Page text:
Alcoholic or addictive denial is all that keeps us from discovering who we really are — and who we’ve always wanted to be.
One of the processes of intervention and arresting denial follows;
"Dad," says the son, "I came home last week and found you passed out in the garage with the car still running."
Dad gets red in the face. "I was feeling sick. I just needed to rest for a minute."
"No, Dad, you were drunk. And it wasn’t the first time."
The daughter speaks up. "I was really hurt last spring. You promised to come to my graduation."
"I did," Dad protests. "I was late, but I made it."
"Yes, but you were so drunk and loud afterwards that we had to leave early. It was humiliating."
"I told a few jokes. No one’s got a sense of humor."
"No, Dad. You were drunk. Then you left and didn’t come home and you got arrested for drunk driving."
"Listen, I wasn’t that drunk. I was tired more than anything. Doesn’t it count for anything how hard I have to work? Besides, that breath test was screwed up."
"Dad, this was the second time," the son says.
The wife has been sitting silently as her children confront their father about his drinking. The session has been carefully rehearsed with the help of a counselor.
They’re trying to break down the father’s denial through a process called confrontation, where the alcoholic is given clear, unmistakable examples of how his alcoholic behavior has affected the whole family. The goal is to get the alcoholic into treatment.
The counselor looks at the wife, and says, "Didn’t you have something you were going to say, Mary?"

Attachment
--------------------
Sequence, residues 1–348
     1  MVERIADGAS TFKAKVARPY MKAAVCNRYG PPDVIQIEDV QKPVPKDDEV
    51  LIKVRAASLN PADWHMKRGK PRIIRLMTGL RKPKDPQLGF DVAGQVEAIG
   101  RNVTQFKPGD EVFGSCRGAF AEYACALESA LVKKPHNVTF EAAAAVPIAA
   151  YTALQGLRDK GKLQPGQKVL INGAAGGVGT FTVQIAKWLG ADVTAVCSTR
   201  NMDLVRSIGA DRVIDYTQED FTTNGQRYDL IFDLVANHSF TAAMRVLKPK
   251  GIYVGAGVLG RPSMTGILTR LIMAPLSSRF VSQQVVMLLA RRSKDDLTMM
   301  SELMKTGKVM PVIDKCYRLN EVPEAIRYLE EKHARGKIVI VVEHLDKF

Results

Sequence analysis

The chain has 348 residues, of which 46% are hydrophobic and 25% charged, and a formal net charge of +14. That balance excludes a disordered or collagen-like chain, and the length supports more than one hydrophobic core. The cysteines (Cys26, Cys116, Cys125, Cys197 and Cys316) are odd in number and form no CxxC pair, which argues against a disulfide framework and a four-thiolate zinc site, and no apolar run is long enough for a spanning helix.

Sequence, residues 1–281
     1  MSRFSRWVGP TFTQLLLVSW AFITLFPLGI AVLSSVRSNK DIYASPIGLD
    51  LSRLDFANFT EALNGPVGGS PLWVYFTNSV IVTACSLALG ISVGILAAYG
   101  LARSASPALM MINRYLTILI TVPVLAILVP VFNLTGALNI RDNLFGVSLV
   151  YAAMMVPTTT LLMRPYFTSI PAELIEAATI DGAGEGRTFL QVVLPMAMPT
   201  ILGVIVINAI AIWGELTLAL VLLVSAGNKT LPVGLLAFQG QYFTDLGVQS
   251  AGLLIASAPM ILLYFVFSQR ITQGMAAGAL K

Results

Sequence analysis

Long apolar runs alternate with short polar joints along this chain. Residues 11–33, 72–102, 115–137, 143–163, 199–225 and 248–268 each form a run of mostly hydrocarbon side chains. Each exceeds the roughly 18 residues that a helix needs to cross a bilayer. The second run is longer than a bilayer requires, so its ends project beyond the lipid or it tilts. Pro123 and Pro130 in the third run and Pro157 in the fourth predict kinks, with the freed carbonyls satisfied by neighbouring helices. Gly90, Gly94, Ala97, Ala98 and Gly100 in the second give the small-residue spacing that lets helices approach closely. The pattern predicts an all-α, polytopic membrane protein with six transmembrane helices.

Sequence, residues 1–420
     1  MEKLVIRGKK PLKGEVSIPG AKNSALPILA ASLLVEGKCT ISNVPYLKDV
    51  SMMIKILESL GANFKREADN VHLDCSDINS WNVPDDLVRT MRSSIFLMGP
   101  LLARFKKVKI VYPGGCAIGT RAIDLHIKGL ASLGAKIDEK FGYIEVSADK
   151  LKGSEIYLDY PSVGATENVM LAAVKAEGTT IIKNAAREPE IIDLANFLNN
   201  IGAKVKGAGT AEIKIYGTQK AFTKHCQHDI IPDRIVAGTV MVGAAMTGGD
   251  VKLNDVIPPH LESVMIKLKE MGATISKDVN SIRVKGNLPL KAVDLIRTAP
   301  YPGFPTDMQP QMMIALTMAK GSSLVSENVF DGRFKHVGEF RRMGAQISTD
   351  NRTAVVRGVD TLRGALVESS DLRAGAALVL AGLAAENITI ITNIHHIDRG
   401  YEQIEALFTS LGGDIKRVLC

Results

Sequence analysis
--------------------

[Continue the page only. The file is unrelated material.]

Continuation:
Now Dad explodes. "I knew it was all your idea, I knew I shouldn’t have agreed to do this!"
Daughter says, "Dad, it was our idea. We had to do something."
"Dad," says the son, "we’re trying to save your life."
With help, Bill is on his way to recovery. The technique of confrontation often helps to break the grip of alcoholic denial and is fully described in the book I’ll Quit Tomorrow by Vernon Johnson.
A similar kind of process occurs in employee assistance programs (EAP’s) where an alcoholic or drug dependent employee is confronted about impaired work performance and given the choice of seeking treatment or being fired. EAP’s have had some of the highest success rates in helping chemically dependent people.
Stages of Recovery
Helping professionals often report that many chemically-dependent people break through denial in three stages:
- Awareness. The person begins by admitting the problem. Many alcoholics get to this point and go no further. They give lip service to their alcoholism. But lip service just isn’t enough.
- Acceptance. The person actively does something to change his or her behavior. It’s more than lip service; but still the alcoholic has reservations: "Maybe I can drink again, like a normal person."
- Action. At this stage the alcoholic has no reservations. He or she sincerely admits an inability to control drinking and is committed to a life of sobriety.
In understanding denial, it’s important to realize that denial is not restricted to alcoholism-or even to other forms of chemical dependency. It’s a common defense that protects all our egos from harsh reality. It’s found in the cancer patient, the cigarette smoker, and the diabetic.
Still, nowhere is it more disabling — and potentially deadly — than in chemically dependent people.